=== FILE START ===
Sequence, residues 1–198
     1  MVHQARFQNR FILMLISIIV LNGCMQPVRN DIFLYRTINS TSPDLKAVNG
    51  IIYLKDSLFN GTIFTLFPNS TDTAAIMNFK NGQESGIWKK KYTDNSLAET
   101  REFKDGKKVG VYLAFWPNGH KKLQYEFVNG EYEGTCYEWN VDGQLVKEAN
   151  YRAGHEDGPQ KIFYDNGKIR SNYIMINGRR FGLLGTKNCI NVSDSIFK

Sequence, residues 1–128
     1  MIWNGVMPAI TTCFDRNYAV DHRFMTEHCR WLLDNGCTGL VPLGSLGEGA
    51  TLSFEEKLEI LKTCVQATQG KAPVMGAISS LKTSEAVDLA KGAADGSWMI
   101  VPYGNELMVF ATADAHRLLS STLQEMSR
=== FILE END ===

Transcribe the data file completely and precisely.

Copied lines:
Sequence, residues 1–198
     1  MVHQARFQNR FILMLISIIV LNGCMQPVRN DIFLYRTINS TSPDLKAVNG
    51  IIYLKDSLFN GTIFTLFPNS TDTAAIMNFK NGQESGIWKK KYTDNSLAET
   101  REFKDGKKVG VYLAFWPNGH KKLQYEFVNG EYEGTCYEWN VDGQLVKEAN
   151  YRAGHEDGPQ KIFYDNGKIR SNYIMINGRR FGLLGTKNCI NVSDSIFK

Sequence, residues 1–128
     1  MIWNGVMPAI TTCFDRNYAV DHRFMTEHCR WLLDNGCTGL VPLGSLGEGA
    51  TLSFEEKLEI LKTCVQATQG KAPVMGAISS LKTSEAVDLA KGAADGSWMI
   101  VPYGNELMVF ATADAHRLLS STLQEMSR